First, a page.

Friday, January 10, 2014


Lately I've been thinking a lot about this blog.  A good friend of mine has acquired a 3 year old just barely green broke filly and has been experiencing many of the same things I went through a couple of years ago, which is really bringing it all back.  On the one hand, I get really nostalgic and sappy thinking of my little girl growing up but on the other hand, I'm oh so glad to have (hopefully) most of Starbuck's filly antics in the past.  I mean, we have literally a lifetime of work ahead of us and she's still a silly, spooky little thing, but it's obvious that she's really starting to enter the world of mare-dom.  So I thought I'd update it at least with our most recent progress in the hopes of starting the blog back up, if only to be able to spill my guts every now and then about some particularly cathartic success or failure and keep a kind of schooling diary.

So here's where we are now.  First me - I am a lot more confident and balanced riding Starbuck, which is good because she still likes to throw in a buck or a spook every now and then to mix things up.  I've also mostly dealt with my fear issues which I never talked about much on the blog but were definitely there.  Part of this is confidence in my riding and in Starbuck, but I like to think that another part is an improved ability to "talk myself down" and relax my body even when scared shitless.  I don't mean to say I'm a great rider by a long shot - I'm still far from even an independent seat, just that I don't fall off as easily as I used to.  In Starbuck's multiple injuries and illnesses this and last year I've been taking jumping lessons with school horses and can now stay on without interfering too much for a 80 cm course of 6 jumps or so. 

Now Starbuck - earlier this year my vet and I detected some back pain and had a physical therapist give her an adjustment.  The physical therapist told me she had really weak abdominal muscles, so thanks to that I spent a good two months with lots of different longeing exercises over small hills and cavaletti, asking her to keep her head down so her hind legs could really come up under her body.  Then the poor thing got two abcesses - one in each hind hoof - and once those were drained my vet advised me to shoe all four hooves, not just the front ones.  So fully recovered and newly shod, my instructor Marina and I have spent the last 6 weeks getting her in the best shape she's ever been and trying to be a little more military with obedience.  She suddenly stops to scratch her nose on her foreleg, or breaks gait from a trot or a canter?  Sharp tap with the crop!  We're trotting along the scary side when a kid runs out of the bushes and she starts to tapdance?  Shoulder-in until she relaxes!  We're headed back to her paddock and she veers off to eat some grass?  10 steps backwards!  She throws a buck at the canter?  More forward!  Honestly, she behaves pretty well, but she is the poster child for "give her an inch and she'll take a mile" and she's also easily bored and distracted, so the theory is that eventually with so much correction she'll give up and realize that life is just so much easier if she'll calm down and pay attention to me instead of everything else in the wide wide world.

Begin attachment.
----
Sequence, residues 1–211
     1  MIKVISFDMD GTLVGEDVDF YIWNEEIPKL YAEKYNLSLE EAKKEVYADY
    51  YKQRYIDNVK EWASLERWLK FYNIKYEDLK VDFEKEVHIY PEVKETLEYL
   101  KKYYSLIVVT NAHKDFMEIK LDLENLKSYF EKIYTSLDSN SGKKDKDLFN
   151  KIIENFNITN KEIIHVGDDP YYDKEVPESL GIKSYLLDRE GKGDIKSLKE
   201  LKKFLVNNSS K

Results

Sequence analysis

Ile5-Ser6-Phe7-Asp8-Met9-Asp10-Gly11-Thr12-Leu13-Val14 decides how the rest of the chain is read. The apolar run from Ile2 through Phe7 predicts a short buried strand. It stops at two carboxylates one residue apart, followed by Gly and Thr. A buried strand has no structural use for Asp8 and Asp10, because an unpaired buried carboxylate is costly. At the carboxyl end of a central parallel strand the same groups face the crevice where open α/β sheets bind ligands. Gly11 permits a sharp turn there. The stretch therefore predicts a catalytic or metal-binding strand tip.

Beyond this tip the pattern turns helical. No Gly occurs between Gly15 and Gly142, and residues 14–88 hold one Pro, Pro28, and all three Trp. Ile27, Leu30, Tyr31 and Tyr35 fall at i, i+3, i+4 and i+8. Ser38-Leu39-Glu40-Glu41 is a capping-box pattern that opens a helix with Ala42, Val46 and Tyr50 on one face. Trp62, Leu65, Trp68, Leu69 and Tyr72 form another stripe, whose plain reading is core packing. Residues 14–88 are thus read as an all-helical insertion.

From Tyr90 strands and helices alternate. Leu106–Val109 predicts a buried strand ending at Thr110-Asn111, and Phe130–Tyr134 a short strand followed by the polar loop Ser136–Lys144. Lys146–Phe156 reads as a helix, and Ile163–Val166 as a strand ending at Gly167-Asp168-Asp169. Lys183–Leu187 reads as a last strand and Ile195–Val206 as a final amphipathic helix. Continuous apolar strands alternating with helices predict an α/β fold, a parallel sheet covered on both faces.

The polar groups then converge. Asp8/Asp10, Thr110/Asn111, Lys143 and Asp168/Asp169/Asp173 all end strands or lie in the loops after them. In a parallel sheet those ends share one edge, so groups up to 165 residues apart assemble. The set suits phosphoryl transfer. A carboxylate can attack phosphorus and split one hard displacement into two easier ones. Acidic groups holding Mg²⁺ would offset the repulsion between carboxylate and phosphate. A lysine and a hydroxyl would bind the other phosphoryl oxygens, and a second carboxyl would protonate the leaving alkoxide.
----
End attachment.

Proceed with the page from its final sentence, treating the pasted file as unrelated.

And indeed all of this discipline and the long hours I was able to put in at the stable over the holidays are really paying off - I now actually enjoy riding her 95% of the time and the other 5% is at least intelectually interesting (why on earth did she do THAT?  How can I fix it?).  I ride in lessons 3-4 times a week and on my own another 2-3 times a week, which doesn't leave me much time for anything else but is exactly what I want to be doing right now.  I've also let a couple of other folks ride her - a teenage girl who used to ride an even more challenging mare before she was sold and this crazy fearless guy from my jumping class.  So she has things mixed up and gets a break from my own personal body problems every now and then.  We're working on jumping fluidly and can do about 60 cm well.  In the dressage line, I use a lot of lateral movements to get her attention and build up those abdominal muscles and am trying to work on balancing impulsion with relaxation.  And we've been on several hour-long or so trail rides where she's behaved surprisingly well.  She's not quite what you'd call rhythmic in her gaits and like I said she still spooks if given half a chance, but the difference between what we used to be able to do and what we can do now is like night and day.

So that's it for now, I'll throw in a couple of recent pictures for good measure and hopefully it won't be so long before I post again.  Happy trails!
We have new dressage boots (front) and a new orange saddlepad!!!!

Devil horse will eat your soul!!!!

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